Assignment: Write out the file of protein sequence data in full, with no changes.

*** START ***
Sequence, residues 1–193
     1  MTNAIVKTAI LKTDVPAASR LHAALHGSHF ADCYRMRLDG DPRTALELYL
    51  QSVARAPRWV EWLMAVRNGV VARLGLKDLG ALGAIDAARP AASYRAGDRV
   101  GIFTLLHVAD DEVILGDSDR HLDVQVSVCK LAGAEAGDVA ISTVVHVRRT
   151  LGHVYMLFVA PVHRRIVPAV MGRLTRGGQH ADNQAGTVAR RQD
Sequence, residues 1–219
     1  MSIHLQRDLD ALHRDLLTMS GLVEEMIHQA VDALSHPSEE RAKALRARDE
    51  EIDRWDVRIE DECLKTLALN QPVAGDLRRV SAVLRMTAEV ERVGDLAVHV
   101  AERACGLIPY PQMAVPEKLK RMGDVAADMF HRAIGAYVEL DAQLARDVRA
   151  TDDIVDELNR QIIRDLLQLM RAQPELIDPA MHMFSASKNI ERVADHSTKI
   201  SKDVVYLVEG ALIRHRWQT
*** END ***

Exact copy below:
Sequence, residues 1–193
     1  MTNAIVKTAI LKTDVPAASR LHAALHGSHF ADCYRMRLDG DPRTALELYL
    51  QSVARAPRWV EWLMAVRNGV VARLGLKDLG ALGAIDAARP AASYRAGDRV
   101  GIFTLLHVAD DEVILGDSDR HLDVQVSVCK LAGAEAGDVA ISTVVHVRRT
   151  LGHVYMLFVA PVHRRIVPAV MGRLTRGGQH ADNQAGTVAR RQD
Sequence, residues 1–219
     1  MSIHLQRDLD ALHRDLLTMS GLVEEMIHQA VDALSHPSEE RAKALRARDE
    51  EIDRWDVRIE DECLKTLALN QPVAGDLRRV SAVLRMTAEV ERVGDLAVHV
   101  AERACGLIPY PQMAVPEKLK RMGDVAADMF HRAIGAYVEL DAQLARDVRA
   151  TDDIVDELNR QIIRDLLQLM RAQPELIDPA MHMFSASKNI ERVADHSTKI
   201  SKDVVYLVEG ALIRHRWQT